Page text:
Munich is a historic city with many beautiful old buildings in its center. However, with this rich history comes the scars of conflict and past wars. This is evident at the Wunden der Erinnerung (Wounds of Memory) monuments, which preserve the war damage caused by Nazi activity during World War II. One of these monuments can be found on the old university library of the Ludwig Maximilian University of Munich.
In 1995, artists Beate Passow and Andreas von Weizsäcker created the Wunden der Erinnerung project, installing glass plates over three sites around Munich that still had damage from World War II. In the case of LMU’s library building, this took the form of huge pockmarks in the red brick wall caused by gunfire and shrapnel from bomb blasts. The glass plates not only cover and preserve the damage without hiding it, but they also act as transparent plaques, signaling the significance of the sites.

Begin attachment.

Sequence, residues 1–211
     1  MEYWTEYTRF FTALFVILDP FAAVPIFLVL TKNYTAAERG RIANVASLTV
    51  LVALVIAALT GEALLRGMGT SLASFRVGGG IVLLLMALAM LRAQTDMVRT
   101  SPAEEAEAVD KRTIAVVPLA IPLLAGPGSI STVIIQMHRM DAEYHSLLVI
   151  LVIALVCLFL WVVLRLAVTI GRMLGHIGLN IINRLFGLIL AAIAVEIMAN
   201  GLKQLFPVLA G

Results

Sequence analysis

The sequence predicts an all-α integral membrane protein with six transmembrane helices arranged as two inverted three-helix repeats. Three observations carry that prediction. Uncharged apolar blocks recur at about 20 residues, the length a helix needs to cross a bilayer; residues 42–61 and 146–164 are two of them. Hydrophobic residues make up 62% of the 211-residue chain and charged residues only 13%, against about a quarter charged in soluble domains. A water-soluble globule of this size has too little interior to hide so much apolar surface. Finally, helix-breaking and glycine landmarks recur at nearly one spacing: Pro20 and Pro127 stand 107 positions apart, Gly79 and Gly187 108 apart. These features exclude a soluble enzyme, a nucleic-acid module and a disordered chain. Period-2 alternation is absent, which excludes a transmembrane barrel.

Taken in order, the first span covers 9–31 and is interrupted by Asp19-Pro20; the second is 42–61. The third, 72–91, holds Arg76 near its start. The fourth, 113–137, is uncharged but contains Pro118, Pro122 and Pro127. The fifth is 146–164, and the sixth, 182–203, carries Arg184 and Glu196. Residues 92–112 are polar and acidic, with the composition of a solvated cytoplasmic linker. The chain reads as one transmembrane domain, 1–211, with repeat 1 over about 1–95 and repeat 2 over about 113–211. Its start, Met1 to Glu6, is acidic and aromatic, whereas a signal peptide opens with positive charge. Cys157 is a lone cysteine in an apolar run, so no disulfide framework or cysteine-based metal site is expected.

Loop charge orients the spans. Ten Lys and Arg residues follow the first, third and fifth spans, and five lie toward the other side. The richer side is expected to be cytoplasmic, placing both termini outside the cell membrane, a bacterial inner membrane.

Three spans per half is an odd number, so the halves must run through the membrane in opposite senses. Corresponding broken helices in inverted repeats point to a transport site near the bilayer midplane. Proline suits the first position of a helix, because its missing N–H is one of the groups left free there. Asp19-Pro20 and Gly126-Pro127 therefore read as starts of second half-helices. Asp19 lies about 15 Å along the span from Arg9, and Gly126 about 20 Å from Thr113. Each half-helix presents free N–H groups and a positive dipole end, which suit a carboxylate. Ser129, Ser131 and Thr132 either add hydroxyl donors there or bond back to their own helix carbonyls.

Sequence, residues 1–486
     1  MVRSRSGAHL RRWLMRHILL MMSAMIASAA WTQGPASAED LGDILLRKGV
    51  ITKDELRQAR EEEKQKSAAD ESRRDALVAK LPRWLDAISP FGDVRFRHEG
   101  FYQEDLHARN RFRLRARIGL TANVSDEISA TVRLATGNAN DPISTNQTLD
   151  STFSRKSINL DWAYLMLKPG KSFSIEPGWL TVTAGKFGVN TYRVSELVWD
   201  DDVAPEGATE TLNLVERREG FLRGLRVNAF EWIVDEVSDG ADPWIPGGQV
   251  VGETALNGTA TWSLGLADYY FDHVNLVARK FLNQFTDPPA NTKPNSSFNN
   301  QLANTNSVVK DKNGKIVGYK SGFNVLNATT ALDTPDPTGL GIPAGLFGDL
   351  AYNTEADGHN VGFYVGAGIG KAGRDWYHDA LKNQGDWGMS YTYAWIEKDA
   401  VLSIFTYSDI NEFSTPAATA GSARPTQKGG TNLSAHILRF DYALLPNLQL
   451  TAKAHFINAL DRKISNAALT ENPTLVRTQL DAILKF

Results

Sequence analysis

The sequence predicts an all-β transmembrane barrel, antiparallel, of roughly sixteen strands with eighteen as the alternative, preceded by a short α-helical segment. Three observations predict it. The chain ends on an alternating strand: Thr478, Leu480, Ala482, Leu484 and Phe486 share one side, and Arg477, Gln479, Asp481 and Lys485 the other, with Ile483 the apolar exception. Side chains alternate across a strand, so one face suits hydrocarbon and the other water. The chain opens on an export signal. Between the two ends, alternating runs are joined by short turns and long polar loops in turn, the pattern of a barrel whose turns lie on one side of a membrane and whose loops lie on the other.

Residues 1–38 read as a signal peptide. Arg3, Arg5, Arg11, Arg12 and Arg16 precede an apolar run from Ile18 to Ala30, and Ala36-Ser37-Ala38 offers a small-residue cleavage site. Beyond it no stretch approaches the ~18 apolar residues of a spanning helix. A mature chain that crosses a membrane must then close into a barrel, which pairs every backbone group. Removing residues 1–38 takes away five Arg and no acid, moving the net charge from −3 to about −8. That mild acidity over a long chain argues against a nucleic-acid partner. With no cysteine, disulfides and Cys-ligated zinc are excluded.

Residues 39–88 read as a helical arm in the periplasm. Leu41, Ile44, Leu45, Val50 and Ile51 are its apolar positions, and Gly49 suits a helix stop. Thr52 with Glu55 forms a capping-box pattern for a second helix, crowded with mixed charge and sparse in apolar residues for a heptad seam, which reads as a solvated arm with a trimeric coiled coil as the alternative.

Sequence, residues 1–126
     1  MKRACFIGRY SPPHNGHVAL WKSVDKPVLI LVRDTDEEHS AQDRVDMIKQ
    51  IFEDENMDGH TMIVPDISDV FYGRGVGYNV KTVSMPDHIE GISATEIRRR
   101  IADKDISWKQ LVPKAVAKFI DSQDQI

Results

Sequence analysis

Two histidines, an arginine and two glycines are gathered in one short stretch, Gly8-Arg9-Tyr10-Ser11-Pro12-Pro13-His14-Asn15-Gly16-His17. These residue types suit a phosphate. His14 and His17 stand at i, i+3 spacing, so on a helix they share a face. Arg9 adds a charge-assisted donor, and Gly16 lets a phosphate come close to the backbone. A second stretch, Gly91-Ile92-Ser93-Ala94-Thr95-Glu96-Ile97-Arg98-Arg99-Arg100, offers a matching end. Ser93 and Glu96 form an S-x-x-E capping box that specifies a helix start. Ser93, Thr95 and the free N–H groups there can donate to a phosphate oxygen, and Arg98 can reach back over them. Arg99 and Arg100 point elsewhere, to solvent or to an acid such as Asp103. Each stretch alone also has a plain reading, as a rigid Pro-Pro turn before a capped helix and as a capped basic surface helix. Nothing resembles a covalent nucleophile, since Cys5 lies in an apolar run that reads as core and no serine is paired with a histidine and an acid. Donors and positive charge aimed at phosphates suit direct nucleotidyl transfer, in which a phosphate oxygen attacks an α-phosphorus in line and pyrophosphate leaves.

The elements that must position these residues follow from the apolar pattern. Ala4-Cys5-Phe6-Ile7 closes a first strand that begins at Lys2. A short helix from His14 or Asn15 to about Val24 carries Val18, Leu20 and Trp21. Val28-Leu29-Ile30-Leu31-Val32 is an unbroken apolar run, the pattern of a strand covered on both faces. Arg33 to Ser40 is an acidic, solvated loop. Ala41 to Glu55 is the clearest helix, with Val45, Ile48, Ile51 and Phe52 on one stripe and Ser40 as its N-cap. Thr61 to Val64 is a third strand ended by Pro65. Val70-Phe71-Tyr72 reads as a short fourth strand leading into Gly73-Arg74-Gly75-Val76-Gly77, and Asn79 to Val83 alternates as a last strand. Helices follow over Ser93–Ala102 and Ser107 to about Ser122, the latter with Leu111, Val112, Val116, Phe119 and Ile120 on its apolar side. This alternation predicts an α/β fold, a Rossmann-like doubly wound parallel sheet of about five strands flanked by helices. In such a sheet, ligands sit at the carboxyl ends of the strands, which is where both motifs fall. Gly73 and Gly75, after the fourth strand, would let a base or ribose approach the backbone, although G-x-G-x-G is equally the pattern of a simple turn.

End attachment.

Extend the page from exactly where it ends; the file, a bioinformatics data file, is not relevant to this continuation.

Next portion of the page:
The delicate pane of glass hangs in sharp contrast to the violence that left its mark on the brick. It might not be the most bombastic monument to the atrocities of WWII, but in its simplicity, the scars of violence are allowed to speak for themselves.
Know Before You Go
The wall is on the south side of the building, right next to the metro entrance.